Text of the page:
Almaaytah, A.; Farajallah, A.; Abualhaijaa, A.; Al-Balas, Q. A3, a Scorpion Venom Derived Peptide Analogue with Potent Antimicrobial and Potential Antibiofilm Activity against Clinical Isolates of Multi-Drug Resistant Gram Positive Bacteria. Molecules2018, 23, 1603.
Almaaytah, A.; Farajallah, A.; Abualhaijaa, A.; Al-Balas, Q. A3, a Scorpion Venom Derived Peptide Analogue with Potent Antimicrobial and Potential Antibiofilm Activity against Clinical Isolates of Multi-Drug Resistant Gram Positive Bacteria. Molecules 2018, 23, 1603.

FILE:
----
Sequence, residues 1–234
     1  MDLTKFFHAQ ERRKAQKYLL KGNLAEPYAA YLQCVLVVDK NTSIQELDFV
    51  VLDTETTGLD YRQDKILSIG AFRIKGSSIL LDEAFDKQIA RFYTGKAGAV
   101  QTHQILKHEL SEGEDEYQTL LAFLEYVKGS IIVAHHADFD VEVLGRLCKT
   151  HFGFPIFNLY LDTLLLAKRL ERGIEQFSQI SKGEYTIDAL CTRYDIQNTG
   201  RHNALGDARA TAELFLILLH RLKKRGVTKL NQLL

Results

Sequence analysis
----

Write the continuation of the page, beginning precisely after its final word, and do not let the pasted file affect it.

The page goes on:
Current research in the field of antimicrobials is focused on the development of novel antibiotics and antimicrobial agents to counteract the huge dilemma that the human population is mainly facing in regards to the rise of bacterial resistance and biofilm infections. Host Defense peptides (HDPs) are a promising group of molecules for antimicrobial development as they share unique characteristics suitable for antimicrobial activity including their broad spectrum of activity and potency against bacteria. AamAP1 is a novel HDP that was identified through molecular cloning from the venom of the North African scorpion Androctonus amoeruxi. In vitro antimicrobial assays revealed that the peptide displays moderate activity against different strains of Gram-positive and Gram-negative bacteria. Additionally, the peptide proved to be highly hemolytic and displaying significantly high toxicity against mammalian cells. In our study, a novel synthetic peptide analogue named A3 was designed from the naturally occurring scorpion venom host defense peptide. The design strategy depended on modifying the amino acid sequence of the parent peptide in order to increase its net positive charge, percentage helicity and optimize other physico-chemical parameters involved theoretically in HDPs activity. Accordingly, A3 was evaluated for its in vitro antimicrobial and anti-biofilm activity individually and in combination with four different types of conventional antibiotics against clinical isolates of multi-drug resistant (MDR) Gram-positive bacteria. A3 was also evaluated for its cytotoxicity against mammalian cells. A3 displayed potent and selective in vitro antimicrobial activities against a wide range of MDR Gram-positive bacteria. Our results also showed that combining A3 with conventional antibiotics displayed a synergistic mode of action which resulted in decreasing the MIC value for A3 peptide as low as 0.125 µM. These effective concentrations were associated with negligible toxicities on mammalian cells. In conclusion, A3 exhibits enhanced activity and selectivity when compared with the parent natural scorpion venom peptide. The combination of A3 with conventional antibiotics may be pursued as a potential novel treatment strategy against MDR and biofilm forming bacteria.
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